It’s fast becoming THE movie of 2018, and (dare we say it) is even beginning to outstrip the excitement for Avengers: Infinity War.
But it seems that some people have already decided that Black Panther is a catastrophe and should be avoided at all costs, despite it not evening rolling out on general release.
The group behind the campaign is called Down With Disney’s Treatment Of Franchises And Its Fanboys, but then again, anyone who would choose to see Justice League over The Avengers would, right?
That’s correct, a contingent of self-styled hardcore DC fanboys (that’s what they’re claiming to be at least) are trying to take down the Disney owned Marvel Cinematic Universe, as they blame the company and its Marvel outputs for the negative reaction the majority of the DC Extended Universe has been met with.
The group’s Facebook page, which has since been shut down, created an event called ‘Give Black Panther a Rotten Audience Score on Rotten Tomatoes’.
Needless to say, the page had a negative opening statement.
‘Due to the sudden rise in those disgruntled with Disney business practices, especially due to the corporate manipulations which created falsified bad press for the DCEU, I feel that it’s time to strike back at all those under Disney and bring down the house of mouse’s actions for paying off the critics that hurt DC Comics on film and for other parties affected by them,’ it read.
If this sounds rather familiar, then you won’t be surprised that the group last made headlines in December when it took credit for the low Star Wars: The Last Jedi fan score.
However, it seems that the group has gone too far this time and Facebook has shut down its page.
On top of that Rotten Tomatoes is planning to fight them all the way.
Releasing a statement to The Hollywood Reporter, the website said: ‘We at Rotten Tomatoes are proud to have become a platform for passionate fans to debate and discuss entertainment and we take that responsibility seriously. While we respect our fans’ diverse opinions, we do not condone hate speech.
‘Our team of security, network and social experts continue to closely monitor our platforms and any users who engage in such activities will be blocked from our site and their comments removed as quickly as possible.’
Despite the hate, Black Panther is still being hailed as a critical success already, and is being widely touted as the biggest Marvel Cinematic Universe hit already.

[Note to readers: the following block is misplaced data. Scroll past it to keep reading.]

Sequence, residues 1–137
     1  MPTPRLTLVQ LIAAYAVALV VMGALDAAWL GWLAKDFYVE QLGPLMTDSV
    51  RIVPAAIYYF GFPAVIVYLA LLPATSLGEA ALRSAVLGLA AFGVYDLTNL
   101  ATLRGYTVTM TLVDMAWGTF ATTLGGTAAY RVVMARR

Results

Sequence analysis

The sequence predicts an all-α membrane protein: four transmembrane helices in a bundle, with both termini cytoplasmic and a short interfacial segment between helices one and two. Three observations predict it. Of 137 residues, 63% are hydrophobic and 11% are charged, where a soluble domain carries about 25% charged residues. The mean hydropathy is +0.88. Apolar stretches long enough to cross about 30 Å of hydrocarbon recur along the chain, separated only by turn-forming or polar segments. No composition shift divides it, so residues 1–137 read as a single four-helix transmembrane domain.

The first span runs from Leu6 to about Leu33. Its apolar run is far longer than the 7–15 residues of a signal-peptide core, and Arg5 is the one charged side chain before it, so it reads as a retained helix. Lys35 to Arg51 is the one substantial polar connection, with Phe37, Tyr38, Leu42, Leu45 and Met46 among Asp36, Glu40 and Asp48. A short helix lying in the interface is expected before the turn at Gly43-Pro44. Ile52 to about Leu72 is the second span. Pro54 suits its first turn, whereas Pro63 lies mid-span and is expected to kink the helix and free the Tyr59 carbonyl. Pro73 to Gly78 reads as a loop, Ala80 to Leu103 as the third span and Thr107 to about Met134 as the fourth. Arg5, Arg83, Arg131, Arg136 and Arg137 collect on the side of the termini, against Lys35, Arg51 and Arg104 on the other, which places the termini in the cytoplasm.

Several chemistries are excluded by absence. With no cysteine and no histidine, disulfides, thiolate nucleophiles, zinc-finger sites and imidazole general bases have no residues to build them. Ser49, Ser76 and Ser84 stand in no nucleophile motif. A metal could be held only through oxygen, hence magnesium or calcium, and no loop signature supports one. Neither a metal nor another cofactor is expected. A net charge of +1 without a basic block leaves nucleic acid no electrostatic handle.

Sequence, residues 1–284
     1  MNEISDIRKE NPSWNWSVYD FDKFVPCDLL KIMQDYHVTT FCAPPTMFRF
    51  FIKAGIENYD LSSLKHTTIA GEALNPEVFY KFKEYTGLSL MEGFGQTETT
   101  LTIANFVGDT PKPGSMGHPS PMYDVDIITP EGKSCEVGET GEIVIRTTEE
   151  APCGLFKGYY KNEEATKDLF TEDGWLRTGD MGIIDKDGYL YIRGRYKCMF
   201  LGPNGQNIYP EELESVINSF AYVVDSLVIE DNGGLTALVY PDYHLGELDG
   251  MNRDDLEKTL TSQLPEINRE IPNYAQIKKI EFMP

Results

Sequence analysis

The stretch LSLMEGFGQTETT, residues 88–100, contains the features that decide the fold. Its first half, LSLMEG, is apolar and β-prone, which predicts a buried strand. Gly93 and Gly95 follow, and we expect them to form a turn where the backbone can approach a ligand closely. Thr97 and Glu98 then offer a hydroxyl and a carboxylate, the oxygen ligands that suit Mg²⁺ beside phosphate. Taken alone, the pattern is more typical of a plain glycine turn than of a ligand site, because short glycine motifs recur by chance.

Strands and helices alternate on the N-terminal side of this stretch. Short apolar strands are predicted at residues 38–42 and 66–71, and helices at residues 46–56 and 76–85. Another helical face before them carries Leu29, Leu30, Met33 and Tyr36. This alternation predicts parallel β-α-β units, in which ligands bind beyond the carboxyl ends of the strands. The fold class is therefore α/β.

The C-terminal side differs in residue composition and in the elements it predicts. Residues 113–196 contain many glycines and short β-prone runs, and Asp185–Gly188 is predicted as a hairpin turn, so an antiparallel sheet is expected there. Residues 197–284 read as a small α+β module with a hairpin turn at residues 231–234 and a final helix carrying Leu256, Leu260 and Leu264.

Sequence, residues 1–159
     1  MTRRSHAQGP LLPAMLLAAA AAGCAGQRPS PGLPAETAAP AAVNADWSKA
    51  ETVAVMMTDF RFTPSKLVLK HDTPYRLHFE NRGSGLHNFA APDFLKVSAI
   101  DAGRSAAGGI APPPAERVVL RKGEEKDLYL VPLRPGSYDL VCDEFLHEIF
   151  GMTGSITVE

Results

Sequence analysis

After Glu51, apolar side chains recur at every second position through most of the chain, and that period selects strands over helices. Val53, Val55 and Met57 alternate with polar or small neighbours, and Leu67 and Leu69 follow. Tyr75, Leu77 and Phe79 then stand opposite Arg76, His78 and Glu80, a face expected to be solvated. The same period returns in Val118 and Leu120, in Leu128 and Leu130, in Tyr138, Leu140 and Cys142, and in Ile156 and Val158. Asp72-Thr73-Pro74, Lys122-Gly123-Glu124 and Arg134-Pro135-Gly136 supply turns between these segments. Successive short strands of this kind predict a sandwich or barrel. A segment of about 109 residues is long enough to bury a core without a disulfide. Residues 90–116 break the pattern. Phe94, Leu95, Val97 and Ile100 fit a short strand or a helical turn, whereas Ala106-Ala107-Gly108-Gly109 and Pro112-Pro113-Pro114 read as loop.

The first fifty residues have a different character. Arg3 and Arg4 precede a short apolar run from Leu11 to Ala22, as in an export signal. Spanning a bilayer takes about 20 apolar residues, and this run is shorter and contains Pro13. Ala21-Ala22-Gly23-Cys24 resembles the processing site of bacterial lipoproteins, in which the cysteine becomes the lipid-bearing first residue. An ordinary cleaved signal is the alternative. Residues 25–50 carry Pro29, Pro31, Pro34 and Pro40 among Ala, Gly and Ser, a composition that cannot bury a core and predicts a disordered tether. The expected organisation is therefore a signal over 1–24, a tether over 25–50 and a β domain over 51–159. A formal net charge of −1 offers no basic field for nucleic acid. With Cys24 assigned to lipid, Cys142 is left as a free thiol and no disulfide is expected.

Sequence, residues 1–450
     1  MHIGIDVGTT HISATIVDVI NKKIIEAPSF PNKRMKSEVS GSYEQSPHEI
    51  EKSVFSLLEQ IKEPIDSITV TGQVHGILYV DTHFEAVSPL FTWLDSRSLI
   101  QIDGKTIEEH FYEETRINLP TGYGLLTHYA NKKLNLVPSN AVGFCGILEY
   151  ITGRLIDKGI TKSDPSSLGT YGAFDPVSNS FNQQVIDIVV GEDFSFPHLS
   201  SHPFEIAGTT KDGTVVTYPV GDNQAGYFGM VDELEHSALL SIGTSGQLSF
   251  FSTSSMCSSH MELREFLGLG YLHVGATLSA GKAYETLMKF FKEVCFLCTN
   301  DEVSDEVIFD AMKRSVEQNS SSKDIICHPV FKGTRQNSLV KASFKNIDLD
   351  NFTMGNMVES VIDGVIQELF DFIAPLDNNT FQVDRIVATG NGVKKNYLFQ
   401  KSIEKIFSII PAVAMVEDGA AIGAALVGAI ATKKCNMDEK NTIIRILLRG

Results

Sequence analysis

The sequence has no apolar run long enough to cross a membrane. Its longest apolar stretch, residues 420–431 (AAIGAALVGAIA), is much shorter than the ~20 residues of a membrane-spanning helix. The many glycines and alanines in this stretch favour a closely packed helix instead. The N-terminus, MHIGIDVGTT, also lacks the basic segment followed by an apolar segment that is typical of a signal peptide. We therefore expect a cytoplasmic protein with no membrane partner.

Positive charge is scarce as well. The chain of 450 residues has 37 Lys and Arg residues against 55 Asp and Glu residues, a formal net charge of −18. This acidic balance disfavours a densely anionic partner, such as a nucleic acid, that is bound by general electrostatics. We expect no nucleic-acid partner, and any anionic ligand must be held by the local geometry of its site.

Only time will tell with that one, but Black Panther is released in the UK on February 12 followed in the US on February 16.
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‘Antebellum’ has a ‘Get Out’ vibe, but doesn’t live up to its twist
“Antebellum” is built around a provocative twist, and it’s a good one — as well as one that definite..
“Antebellum” is built around a provocative twist, and it’s a good one — as well as one that definitely shouldn’t be spoiled even a little. Once that revelation is absorbed, however, the movie becomes less distinctive and inspired, reflecting an attempt to tap into the zeitgeist that made “Get Out” a breakthrough, without the same ability to pay off the premise.
Originally destined for a theatrical run, the movie hits digital platforms trumpeting a “Get Out” pedigree in its marketing campaign, since there’s an overlap among the producing teams.
More directly, the film marks the directing debut of Gerard Bush + Christopher Renz, who have championed social-justice issues through their advertising work. The opening script features a quote from author William Faulkner, whose intent will eventually become clearer: “The past is never dead. It’s not even past.”
If that sounds like a timely means of drawing a line from the horrors of slavery to the racism of today, you’ve come to the right place.
The story begins on a plantation, where the brutal overseers carry out grisly punishments against those tilling the fields. A few have just tried to escape, led by Veronica (Janelle Monae), and they pay a heavy price for their resistance, which does nothing to curb her defiance.
Also written by Bush + Renz, the script take too long before revealing what makes “Antebellum” different, but the middle portion — a “The Twilight Zone”-like phase when it’s hard to be sure exactly what’s going on — is actually the film’s strongest. (Even the trailer arguably gives away too much, so the less one knows, the better.)
The final stretch, by contrast, veers into more familiar thriller territory, and feels especially rushed toward the end, leaving behind a host of nagging, unanswered questions. That provides food for thought, but it’s also what separates the movie from something like “Get Out,” which deftly fleshed out its horror underpinnings.
Although the filmmakers (in a taped message) expressed disappointment that the movie wasn’t making its debut in theaters, in a strange way, the on-demand format somewhat works in its favor. In the press notes, Bush says the goal was “to force the audience to look at the real-life horror of racism through the lens of film horror. We’re landing in the middle of the very conversations that we hoped ‘Antebellum’ would spur.”
“Antebellum” should add to that discussion, so mission accomplished on that level. Monae is also quite good in her first leading film role (she did previously star in the series “Homecoming’s” second season), but otherwise, most of the characters remain underdeveloped.